What are Butterfly Orchids?
Butterfly Orchids are a group of orchids that are found in Europe, Asia, and North America. They are named for their flowers, which resemble butterflies. There are over 20 different species of Butterfly Orchids around the world, but in Wales we have the Lesser Butterfly Orchid (Platanthera bifolia) and the Greater Butterfly Orchid (Platanthera chlorantha).
Why are Butterfly Orchids Important?
Butterfly Orchids are important for a number of reasons. They are a food source for butterflies and other pollinators. They also reflect properly managed meadows and grasslands, a highly important are for wildlife and carbon storage.
Lesser Butterfly Orchid
The Lesser Butterfly Orchid is a small, delicate orchid that is found in Europe, Asia, and North America. It is typically found on a wide range of nutrient-poor, damp, marshy, open habitats in sloping fields, which are have not been ploughed, fertilised and basic grazed. The Lesser Butterfly Orchid is a threatened species in many parts of its range, showing a 75% decline since the 1940s. Populations tend to be small and sometimes exist only fleetingly at particular sites.
The Lesser Butterfly Orchid is registered on the Red List of vulnerable species for the UK and the Natural Environment Research Councils Priority Species list for protections under Section 7 of the Environment Act (Wales) 2016.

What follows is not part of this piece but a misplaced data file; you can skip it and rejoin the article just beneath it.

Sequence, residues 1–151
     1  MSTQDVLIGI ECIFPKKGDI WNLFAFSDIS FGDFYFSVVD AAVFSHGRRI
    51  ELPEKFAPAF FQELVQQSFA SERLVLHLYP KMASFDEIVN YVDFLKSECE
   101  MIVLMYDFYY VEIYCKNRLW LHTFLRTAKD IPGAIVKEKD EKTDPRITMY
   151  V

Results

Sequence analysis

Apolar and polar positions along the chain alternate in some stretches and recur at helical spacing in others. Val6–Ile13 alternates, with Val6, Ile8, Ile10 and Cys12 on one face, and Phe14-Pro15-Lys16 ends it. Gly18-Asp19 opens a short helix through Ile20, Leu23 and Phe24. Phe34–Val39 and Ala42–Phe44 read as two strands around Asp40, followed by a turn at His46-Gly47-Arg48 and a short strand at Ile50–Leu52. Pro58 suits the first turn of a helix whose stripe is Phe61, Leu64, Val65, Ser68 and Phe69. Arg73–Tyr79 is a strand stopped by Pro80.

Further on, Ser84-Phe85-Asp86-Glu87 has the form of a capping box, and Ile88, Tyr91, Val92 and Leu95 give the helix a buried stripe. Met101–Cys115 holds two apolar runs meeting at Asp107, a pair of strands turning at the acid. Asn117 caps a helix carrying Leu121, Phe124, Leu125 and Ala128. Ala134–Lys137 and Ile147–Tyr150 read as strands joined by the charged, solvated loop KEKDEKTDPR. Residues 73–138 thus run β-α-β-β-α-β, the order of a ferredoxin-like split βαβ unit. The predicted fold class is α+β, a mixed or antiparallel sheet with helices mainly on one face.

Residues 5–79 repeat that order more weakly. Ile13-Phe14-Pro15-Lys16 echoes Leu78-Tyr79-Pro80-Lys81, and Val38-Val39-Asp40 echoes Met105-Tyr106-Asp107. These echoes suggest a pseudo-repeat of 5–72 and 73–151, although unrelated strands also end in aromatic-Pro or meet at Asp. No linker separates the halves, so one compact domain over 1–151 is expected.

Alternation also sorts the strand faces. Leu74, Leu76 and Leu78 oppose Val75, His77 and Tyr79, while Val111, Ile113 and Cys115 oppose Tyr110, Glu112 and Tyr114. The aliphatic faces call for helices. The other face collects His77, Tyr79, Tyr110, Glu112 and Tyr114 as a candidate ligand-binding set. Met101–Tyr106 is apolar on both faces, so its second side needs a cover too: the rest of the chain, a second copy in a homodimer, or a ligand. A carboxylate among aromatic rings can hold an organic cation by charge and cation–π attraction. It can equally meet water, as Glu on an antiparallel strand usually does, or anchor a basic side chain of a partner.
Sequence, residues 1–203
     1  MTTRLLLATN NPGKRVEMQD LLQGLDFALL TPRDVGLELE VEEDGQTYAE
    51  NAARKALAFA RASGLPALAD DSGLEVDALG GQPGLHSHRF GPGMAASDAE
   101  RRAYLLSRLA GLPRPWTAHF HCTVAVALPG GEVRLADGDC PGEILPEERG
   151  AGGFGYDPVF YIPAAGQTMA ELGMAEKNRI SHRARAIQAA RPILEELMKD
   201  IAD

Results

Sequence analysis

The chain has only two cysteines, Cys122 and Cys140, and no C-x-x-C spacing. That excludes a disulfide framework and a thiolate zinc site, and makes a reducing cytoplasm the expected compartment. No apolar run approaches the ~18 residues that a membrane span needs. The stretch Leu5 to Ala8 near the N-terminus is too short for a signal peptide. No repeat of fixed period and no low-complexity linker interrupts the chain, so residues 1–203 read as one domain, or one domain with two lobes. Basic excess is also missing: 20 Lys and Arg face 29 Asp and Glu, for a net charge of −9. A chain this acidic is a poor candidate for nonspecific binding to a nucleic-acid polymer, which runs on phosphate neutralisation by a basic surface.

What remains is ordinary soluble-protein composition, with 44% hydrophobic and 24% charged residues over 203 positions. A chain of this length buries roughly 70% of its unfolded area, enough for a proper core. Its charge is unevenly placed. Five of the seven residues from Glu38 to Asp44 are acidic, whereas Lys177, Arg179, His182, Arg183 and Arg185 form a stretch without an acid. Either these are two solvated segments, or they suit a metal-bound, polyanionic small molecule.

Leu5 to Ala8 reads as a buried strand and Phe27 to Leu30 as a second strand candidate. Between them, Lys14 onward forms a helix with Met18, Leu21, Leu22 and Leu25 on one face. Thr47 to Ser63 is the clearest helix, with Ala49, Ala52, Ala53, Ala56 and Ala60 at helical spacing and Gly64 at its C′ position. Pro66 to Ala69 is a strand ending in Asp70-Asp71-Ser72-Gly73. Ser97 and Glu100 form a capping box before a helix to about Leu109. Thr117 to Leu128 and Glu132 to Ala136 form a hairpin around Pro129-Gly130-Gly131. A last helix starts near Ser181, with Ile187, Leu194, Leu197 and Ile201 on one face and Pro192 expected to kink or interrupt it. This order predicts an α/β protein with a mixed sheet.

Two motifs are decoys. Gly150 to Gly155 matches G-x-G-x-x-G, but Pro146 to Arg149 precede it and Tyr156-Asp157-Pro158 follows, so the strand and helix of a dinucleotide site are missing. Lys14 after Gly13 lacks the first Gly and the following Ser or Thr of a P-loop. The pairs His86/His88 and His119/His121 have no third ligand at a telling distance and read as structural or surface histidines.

Greater Butterfly Orchid
The Greater Butterfly Orchid is a larger, more robust orchid than the Lesser, but is also classed as scarce. It is typically found in open woodlands, preferring a little more shade/cover.
How do you tell them apart? The main feature, other than overall size is within the flowers themselves, both species have polliana, however the Lesser Butterfly Orchid has parallel facing ones, quite close together, while the Greater Butterfly Orchid has ones which are angled.
Threats to Butterfly Orchids
Butterfly Orchids are threatened by a number of factors, including:
- Habitat loss: Butterfly Orchids habitats are being lost to development, over grazing, agriculture, and other human activities.
- Pollution: Pollution from pesticides, herbicides, and other chemicals including fertilisers, can harm Butterfly Orchids.
- Climate change: Climate change is causing changes in temperature and rainfall patterns that can harm Butterfly Orchids which are typically found at higher elevations.
- Overcollection: Butterfly Orchids are sometimes collected for their flowers. This can lead to a decline in populations.
There are a number of conservation efforts underway to protect Butterfly Orchids. These efforts include:
- Creating protected areas: Protected areas are designated areas of land that are set aside for conservation. These areas provide a safe haven for Butterfly Orchids and other wildlife.
- Restoring habitats: Habitats that have been damaged or destroyed can be restored. This helps to create more suitable habitat for Butterfly Orchids.
- Raising awareness: Raising awareness about the threats facing Butterfly Orchids can help to encourage people to take action to protect them.
By working together, we can help to ensure that Butterfly Orchids continue to thrive for generations to come.